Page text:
The Supreme Court is now reviewing the constitutional basis for public-sector monopoly representation. The test case before the Court, Janus v. AFSCME, is expected yield a ruling sometime by the end of this June. If the Court sides with the plaintiff, Mark Janus, a dissenting Illinois state employee, it would jeopardize the ability of organized labor to convert Medicaid funds to union agency fees. No matter which way the decision goes, at least a few members of Congress aren’t waiting. Led by Rep. Cathy McMorris Rodgers, R-Wash., and Sen. Ron Johnson, R-Wisc., they are insisting that Medicaid-derived dues payments be a function of individual worker consent.
Rep. Rodgers this January announced her intent to introduce legislation to end the practice of dues-skimming. Under her proposal, unions still could represent caregivers in states where the practice exists, but would have to collect dues on their own. In other words, states no longer would be able to serve as collection agents for unions. For her, the issue is highly personal. Her son was born in 2007 with Down syndrome. “This is robbing our nation’s most vulnerable who need Medicaid the most,” she said at the time. “Every dollar that is diverted from a caregiver to a union hurts that family’s ability to care for their loved ones. Paying unions is not what Medicaid was designed for.”
Senator Johnson likewise believes that controlling Medicaid costs requires barring states from serving as union business partners. In an April 30 letter to Seema Verma, administrator for the Centers for Medicare & Medicaid Services (CMS), part of the U.S. Department of Health and Human Services, he wrote, “I respectfully encourage CMS to review this practice and determine whether changes to law or regulation are necessary to ensure that Medicaid funds are provided to the program’s intended beneficiaries.” The senator specifically requested: 1) an explanation as to what actions CMS is taking to prevent states from skimming dues from Medicaid payments without the consent of service providers; 2) the amount of Medicaid funds intended for home care workers that states have diverted to union dues for each fiscal year starting with 2009; and 3) all relevant legal memoranda, guidance documents and other written material.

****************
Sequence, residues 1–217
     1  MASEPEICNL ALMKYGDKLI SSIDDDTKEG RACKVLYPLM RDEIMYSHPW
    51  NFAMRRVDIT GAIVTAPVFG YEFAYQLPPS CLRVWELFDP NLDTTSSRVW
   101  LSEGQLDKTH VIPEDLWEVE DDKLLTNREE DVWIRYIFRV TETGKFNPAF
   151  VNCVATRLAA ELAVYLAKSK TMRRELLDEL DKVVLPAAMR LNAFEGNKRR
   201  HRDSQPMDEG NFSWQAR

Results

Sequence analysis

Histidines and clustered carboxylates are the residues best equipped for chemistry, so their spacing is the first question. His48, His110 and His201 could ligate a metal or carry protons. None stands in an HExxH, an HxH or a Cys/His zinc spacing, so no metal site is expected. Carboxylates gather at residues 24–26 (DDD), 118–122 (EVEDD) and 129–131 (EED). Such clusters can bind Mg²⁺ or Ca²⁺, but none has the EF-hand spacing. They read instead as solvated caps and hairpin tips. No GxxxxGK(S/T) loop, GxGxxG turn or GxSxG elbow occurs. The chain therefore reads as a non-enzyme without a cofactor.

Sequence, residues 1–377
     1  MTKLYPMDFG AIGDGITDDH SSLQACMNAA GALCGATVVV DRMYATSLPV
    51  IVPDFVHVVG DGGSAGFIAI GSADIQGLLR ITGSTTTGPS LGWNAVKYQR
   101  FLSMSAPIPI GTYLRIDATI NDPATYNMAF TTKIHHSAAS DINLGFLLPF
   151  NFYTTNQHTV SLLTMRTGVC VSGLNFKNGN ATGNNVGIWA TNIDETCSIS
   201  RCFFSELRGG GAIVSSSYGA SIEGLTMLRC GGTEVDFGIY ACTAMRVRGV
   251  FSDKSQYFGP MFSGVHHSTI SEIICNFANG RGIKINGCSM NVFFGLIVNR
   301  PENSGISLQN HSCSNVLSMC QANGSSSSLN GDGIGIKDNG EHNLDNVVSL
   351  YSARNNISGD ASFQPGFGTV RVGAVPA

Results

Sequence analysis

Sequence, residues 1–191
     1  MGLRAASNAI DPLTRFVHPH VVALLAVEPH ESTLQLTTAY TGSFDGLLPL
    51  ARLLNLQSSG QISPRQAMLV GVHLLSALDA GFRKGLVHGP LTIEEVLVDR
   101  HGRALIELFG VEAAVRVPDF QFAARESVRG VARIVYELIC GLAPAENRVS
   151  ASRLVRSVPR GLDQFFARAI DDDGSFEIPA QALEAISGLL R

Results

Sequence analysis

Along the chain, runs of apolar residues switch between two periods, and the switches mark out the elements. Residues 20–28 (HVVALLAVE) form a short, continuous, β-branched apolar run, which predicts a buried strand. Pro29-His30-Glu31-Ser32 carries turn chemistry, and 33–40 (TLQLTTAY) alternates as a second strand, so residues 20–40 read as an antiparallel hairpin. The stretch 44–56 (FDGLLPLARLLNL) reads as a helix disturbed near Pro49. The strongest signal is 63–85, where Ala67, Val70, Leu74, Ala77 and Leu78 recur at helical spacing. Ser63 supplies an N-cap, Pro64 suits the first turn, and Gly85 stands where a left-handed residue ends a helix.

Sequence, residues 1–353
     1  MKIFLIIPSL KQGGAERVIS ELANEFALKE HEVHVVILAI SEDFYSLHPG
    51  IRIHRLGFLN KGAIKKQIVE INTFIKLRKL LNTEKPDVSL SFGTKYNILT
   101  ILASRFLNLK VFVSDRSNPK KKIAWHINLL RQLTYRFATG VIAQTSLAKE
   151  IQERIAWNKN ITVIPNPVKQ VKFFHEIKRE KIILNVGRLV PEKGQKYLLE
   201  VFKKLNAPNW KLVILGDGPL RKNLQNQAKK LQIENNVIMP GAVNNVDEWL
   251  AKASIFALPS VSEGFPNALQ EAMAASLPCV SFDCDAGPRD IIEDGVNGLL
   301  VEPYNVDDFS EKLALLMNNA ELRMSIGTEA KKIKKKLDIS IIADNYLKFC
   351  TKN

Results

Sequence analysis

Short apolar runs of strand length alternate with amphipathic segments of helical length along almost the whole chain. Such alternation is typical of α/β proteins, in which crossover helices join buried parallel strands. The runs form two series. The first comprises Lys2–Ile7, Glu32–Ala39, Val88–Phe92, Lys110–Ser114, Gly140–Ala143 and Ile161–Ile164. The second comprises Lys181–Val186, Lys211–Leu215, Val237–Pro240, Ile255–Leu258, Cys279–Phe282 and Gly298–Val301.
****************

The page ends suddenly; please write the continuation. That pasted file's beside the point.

Federal legislation to rein in this insidious brand of forced unionism cannot come too soon. Public-employee unions, despite their moniker, are not public-spirited in outlook. First and foremost, they protect their own interests. And because they are dependent upon government largesse, they inevitably devote large sums of time and money to political campaigning and lobbying intended to expand the reach of government. SEIU Local 2015, one of two unions certified to represent home caregivers in California, for example, spends around 60 percent of its dues collections on political and other activity unrelated to representation. Indeed, there are about 300,000 caregivers in the state who, whether they realize it or not, are having hundreds of dollars a year taken off the top from their paychecks to fund union activism. Caregivers and their patients in other states also deserve better.